Bitcoin has been getting a lot of positive press in 2017, and with a good reason. After topping $1,000 early in the year, the cryptocurrency went on to unprecedented and largely unforeseen heights. Over the summer, it maintained its momentum (against some negative predictions) and breached the $4,000 mark, solidifying itself as a powerful new asset class. But the key word here is class. While Bitcoin justifiably commands a lot of attention in the cryptocurrency market, it isn’t alone. It just happens to be out in front.
There is actually a whole category of Bitcoin alternatives known as “altcoins,” some of which are essentially mimics and others of which have various original features. But of the bunch – and rest assured there are dozens if not hundreds of them – there is no question which is the most popular. It’s Litecoin, an original digital currency that’s specifically meant to exist in higher volume than Bitcoin. Bitcoins will stop being mined once 21 million are out in the world; Litecoin will stop at 84 million. That almost inherently places less value in an individual Litecoin, but some believe it could make it more appealing as a usable currency in the future.
But Litecoin isn’t just the most noteworthy alternative to Bitcoin. As time goes on, it may also be proving itself to be the most competitive. This summer, during a brief window in which Bitcoin dropped off and fears of a bursting bubble spread among investors, something interesting happened: Litecoin surged. This inverse effect led people to wonder what exactly the relationship between the two cryptocurrencies might be and whether Litecoin could ultimately be the more strategic long-term play. As one article puts it, there is a possibility that Litecoin could act as a hedge against Bitcoin’s rampant volatility. And rest assured, while Bitcoin has performed strongly overall, it does remain almost problematically volatile.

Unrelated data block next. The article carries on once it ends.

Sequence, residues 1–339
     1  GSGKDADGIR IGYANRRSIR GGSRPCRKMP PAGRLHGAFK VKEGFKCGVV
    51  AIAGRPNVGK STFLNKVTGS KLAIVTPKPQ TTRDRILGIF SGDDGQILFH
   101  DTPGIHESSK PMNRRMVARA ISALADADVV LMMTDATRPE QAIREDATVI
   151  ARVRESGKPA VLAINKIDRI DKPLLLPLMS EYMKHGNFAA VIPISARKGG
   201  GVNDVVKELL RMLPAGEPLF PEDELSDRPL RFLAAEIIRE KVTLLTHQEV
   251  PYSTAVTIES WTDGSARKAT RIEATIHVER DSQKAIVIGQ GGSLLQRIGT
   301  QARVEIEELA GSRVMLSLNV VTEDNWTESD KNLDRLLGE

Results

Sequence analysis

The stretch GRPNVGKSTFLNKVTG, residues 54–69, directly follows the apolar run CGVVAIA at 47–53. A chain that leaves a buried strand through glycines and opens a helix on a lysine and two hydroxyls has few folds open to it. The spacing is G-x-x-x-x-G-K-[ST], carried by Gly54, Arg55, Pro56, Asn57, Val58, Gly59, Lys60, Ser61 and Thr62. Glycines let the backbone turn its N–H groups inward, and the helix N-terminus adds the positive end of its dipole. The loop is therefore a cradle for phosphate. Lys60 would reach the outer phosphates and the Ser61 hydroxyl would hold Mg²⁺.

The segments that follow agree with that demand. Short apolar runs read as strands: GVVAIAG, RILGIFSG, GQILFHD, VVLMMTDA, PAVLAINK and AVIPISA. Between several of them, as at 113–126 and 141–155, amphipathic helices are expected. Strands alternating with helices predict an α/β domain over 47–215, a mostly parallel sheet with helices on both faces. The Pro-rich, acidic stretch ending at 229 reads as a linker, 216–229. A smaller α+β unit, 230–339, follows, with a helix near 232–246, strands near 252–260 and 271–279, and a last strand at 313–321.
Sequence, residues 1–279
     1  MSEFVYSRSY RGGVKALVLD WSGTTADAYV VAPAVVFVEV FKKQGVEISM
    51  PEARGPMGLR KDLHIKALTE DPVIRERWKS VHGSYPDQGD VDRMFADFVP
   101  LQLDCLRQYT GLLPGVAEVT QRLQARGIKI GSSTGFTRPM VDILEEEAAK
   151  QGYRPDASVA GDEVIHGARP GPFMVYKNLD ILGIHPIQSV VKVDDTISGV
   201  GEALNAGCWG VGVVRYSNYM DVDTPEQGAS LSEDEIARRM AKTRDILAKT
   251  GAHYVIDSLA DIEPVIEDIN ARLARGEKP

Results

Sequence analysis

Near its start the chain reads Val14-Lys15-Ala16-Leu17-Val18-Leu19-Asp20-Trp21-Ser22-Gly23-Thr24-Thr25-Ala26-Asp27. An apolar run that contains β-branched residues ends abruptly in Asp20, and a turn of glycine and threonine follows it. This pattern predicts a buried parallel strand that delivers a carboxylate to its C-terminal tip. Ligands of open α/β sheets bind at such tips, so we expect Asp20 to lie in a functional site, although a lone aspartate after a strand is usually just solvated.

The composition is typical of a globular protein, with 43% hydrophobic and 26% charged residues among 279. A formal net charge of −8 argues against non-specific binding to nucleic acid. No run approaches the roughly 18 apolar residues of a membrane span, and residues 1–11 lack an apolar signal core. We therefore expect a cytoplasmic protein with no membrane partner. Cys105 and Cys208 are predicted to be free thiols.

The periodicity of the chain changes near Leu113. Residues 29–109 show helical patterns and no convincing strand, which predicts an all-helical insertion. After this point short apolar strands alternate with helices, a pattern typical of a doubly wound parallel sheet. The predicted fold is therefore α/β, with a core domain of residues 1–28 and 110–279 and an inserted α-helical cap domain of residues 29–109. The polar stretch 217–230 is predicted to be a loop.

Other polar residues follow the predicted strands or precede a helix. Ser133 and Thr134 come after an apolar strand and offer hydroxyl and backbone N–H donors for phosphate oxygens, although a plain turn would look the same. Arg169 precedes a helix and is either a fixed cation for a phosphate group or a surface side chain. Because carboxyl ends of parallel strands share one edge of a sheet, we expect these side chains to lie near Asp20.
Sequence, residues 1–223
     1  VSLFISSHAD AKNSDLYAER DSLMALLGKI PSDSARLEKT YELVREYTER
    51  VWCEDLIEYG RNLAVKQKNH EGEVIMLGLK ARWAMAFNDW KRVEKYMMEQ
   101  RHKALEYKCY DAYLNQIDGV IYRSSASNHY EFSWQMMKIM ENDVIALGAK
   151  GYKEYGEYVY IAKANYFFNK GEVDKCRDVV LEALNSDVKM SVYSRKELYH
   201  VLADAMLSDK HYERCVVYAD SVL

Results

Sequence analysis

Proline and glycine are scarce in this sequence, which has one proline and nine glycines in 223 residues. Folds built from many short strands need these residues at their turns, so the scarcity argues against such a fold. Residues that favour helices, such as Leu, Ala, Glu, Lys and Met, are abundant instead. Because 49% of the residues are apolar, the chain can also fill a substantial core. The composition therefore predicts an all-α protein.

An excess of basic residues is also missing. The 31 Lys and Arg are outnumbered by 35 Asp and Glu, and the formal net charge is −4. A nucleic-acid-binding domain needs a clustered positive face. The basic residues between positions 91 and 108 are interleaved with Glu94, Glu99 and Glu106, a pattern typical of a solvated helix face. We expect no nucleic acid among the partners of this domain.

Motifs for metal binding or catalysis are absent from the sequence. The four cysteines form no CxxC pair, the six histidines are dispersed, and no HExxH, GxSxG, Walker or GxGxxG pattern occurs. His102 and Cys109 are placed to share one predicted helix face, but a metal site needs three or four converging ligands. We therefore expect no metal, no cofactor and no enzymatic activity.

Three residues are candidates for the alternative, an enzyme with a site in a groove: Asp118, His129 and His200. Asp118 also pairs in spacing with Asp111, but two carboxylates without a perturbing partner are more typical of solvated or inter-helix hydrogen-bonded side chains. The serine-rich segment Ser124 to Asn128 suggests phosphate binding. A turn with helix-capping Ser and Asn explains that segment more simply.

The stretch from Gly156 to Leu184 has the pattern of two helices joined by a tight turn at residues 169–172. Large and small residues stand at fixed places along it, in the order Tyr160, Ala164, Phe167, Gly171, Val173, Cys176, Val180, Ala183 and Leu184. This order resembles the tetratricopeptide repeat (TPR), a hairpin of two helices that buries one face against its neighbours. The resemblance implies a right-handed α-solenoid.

This isn’t just an inverse relationship though. More broadly speaking, the price of Litecoin has surged throughout most of 2017, enjoying a somewhat similar trajectory to Bitcoin. The late summer and early autumn brought about new all-time highs near $80, and though it has fallen off since then, Litecoin is still trading in a higher range than it has in previous years. At the time of this writing, it’s worth about $52 or $53.
Now, you may look at those numbers and brush Litecoin off as a sort of minor alternative. Indeed, with Bitcoin now above $4,500, for the time being, it can be a little difficult to get excited about a different version of the same product hovering around $50 or $60. But for investment purposes, trajectory and trends matter as much as total value. Throw in the fact that Litecoin could be considered more accessible, and it’s something investors should be paying attention to in 2017.